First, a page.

....This is not a matter of personal opinion, but government policy. For example, This Common Inheritance (Third Annual Report), the Tory policy White Paper (1992) on environmental protection, claims PPG 16 as an achievement. "Developer funding" is the archaeological version of the Polluter Pays Principle. This article is a critique of current policies and more importantly an attempt to propose alternatives. With a general election forthcoming, now is a good time to be asking for a better deal for our culture! (see endnote 1)
The Polluter Pays Principle originated in the 1970s (OECD 1975). Although sceptical of market mechanisms as a principle, I have no problem with the idea that industry should pay the true costs of its methods of production (see Friends of the Earth 1994). This includes the building industry, road builders, civil engineers and the mining industry. But what of the current situation where polluters are not only left to decide who shall monitor their acts of pollution, but also much or how little of the land to pollute? This is the substance of current practice in archaeology.
Archaeology is an environmental issue. The record of human history is a non-renewable resource, like oil or coal. The destruction of archaeology by excavation is thus not like control of emissions; the pollution comes from the process of destruction, effectively the degradation of the quality of our lives through the consumption of our past (much as burning coal is the consumption of another bit of the past). One difference, however, is that the cultural "resource" (!) is not as uniform as petrol or gas. Its quality and importance are negotiable and disputable.
The situation of archaeology is not unique. In other areas, industries seek to buy "rights to pollute" (Select Committee of the House of Lords 1983). They may not be free to dump toxics in rivers (although few prosecutions have ever taken place), but where "taxes" have been imposed on dirty coal fired electricity generators in the US, for example, they have simply bought pollution "quotas" from other, cleaner generators. According to the House of Lords report, "to allow polluters to buy 'rights to pollute' is to give them property rights over air and water. This attitude is resented by some sections of the public, who do not believe that protection of the environment should be entrusted to market mechanisms." Does not the current situation allow developers to buy rights over our past?
The problem is one of "management" (although 'managing the archaeological record' often seems to mean 'managing its destruction'). Who shall decide what is to be excavated, when, how and by whom? At present, these decisions lie with the developer. There are so called "curatorial archaeologists", but most are under the direction of county planning departments and are funded by local and national government. Where there is a planning "gain" in a development, money for a road or a sports centre, an authority may choose to disregard the calls of cultural heritage. Equally, English Heritage, Cadw and Historic Scotland are at the call of Secretaries of State. Maybe rightly so, but it then is the case that governments may choose to disregard an Iron Age cemetery when building a road or permitting the construction of yet another supermarket. Whilst English Heritage and others have devised criteria for the preservation of archaeological sites – period, rarity, documentation, group value, survival/condition, fragility, diversity or potential – what actually drives decisions as often as not is MONEY.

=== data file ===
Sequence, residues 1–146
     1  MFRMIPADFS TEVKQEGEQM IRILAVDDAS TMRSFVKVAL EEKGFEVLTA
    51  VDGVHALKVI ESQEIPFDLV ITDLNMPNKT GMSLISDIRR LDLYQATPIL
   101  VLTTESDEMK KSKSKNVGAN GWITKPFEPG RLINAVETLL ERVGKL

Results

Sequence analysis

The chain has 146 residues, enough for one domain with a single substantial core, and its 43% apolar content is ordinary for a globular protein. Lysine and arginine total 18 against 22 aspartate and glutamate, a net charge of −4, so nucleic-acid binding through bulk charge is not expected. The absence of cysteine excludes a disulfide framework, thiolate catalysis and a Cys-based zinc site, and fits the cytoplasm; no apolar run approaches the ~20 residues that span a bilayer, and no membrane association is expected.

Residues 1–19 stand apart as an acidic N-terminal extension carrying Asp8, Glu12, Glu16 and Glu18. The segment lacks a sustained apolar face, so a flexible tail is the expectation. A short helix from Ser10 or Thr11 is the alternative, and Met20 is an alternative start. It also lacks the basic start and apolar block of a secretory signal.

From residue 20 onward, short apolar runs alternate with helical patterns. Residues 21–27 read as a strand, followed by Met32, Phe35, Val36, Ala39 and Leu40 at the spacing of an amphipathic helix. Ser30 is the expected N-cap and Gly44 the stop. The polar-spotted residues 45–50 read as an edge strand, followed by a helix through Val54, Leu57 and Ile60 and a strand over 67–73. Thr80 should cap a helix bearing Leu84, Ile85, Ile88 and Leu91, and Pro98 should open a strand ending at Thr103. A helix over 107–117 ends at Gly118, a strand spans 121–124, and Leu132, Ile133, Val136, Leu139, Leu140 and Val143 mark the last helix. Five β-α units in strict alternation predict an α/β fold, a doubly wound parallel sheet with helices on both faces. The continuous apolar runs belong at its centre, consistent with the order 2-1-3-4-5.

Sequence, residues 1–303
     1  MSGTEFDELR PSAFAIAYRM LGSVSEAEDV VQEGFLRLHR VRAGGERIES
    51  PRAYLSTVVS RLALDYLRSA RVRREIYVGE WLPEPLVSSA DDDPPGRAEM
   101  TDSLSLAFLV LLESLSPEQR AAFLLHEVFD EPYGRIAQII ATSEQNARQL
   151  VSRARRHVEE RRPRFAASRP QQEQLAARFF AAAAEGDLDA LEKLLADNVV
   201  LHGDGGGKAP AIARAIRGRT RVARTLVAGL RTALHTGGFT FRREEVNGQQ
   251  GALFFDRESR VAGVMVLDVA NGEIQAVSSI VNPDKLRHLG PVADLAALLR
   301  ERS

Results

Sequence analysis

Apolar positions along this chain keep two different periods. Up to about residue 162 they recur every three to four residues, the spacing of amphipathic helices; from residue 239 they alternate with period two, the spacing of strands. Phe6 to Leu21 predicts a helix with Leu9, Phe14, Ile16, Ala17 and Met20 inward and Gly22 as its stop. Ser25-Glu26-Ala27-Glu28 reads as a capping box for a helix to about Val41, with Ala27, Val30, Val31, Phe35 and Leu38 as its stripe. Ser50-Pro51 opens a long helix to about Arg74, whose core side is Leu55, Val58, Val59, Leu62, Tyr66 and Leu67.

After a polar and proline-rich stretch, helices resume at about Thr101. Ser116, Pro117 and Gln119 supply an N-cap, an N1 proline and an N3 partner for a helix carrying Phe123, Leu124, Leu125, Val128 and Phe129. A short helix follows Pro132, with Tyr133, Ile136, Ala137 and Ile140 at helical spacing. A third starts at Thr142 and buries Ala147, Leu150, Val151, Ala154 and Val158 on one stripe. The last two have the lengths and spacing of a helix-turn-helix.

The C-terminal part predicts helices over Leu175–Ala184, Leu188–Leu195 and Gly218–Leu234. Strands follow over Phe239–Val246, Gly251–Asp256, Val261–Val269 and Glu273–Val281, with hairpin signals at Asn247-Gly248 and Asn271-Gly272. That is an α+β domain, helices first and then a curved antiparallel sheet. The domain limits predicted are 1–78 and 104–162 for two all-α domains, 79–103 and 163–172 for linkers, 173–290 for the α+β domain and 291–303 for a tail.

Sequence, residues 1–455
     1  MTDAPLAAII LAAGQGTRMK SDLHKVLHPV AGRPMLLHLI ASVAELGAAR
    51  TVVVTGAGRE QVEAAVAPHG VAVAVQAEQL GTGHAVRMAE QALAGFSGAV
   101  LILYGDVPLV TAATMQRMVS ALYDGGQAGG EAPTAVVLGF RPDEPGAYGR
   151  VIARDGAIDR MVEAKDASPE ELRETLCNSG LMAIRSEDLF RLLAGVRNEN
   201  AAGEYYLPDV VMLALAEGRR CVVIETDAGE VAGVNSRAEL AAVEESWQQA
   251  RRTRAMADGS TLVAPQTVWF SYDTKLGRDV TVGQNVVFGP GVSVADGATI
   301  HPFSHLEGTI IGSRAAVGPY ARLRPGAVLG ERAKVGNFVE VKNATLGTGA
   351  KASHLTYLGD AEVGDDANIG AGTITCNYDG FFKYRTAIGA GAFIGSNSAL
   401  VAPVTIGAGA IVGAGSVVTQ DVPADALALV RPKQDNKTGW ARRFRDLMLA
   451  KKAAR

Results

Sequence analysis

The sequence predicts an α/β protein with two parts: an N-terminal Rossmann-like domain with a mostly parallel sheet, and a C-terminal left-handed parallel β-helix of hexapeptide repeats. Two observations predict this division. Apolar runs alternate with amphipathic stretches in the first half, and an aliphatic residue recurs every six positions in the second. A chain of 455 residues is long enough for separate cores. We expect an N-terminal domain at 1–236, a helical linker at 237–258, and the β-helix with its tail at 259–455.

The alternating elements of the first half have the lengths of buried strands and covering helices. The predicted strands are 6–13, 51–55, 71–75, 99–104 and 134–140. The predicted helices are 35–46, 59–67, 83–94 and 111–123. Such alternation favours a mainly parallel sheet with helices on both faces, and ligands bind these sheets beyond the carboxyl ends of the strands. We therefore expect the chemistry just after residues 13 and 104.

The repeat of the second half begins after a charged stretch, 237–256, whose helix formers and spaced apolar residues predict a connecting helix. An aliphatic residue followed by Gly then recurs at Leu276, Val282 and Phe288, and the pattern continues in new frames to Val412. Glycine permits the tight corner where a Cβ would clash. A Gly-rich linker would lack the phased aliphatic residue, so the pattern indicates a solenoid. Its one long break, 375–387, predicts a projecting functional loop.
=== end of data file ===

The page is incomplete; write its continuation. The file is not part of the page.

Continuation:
Under present Planning Guidance, decisions are measured against a presumption that important archaeological remains will be preserved in situ. This principle, like that of polluter pays, has its drawbacks because preservation saves developers money. Find a plot to build on. There's an archaeological site 1.5m below the surface? No problem. Put a concrete raft over the top of it and preserve it in situ! This is nonsense, for as Martin Biddle (1994) has pointed out, no one is going to come back to dig through those concrete foundations, and in any case, for whom is it being preserved? Chances are that the site will be damaged during the process anyway - who knows what site engineers will do once the archaeologists have gone away? Yet again it is a question of who decides, and for whom? What benefit accrues to the community by burying Roman buildings for some indefinite future? The only beneficiary is the developer who avoids costly excavation and post-excavation. To my knowledge, no development has ever been stopped because of "nationally" important archaeological remains (see Graves-Brown 1997). Developments are simply redesigned to "mitigate" their impact.
In its 1983 report, the House of Lords Select Committee suggested that a form of "redistributive" system could be considered as a means of pollution control. I suggest that this is what is needed in archaeology – a development tax payable irrespective of archaeology on site. Such a tax might appeal to developers, giving them a predictable cost, rather than having to write a blank cheque. The proceeds of such a tax need to pass to an independent archaeological authority/authorities, whose decisions would be separated as far as possible from the objectives of governments local and national.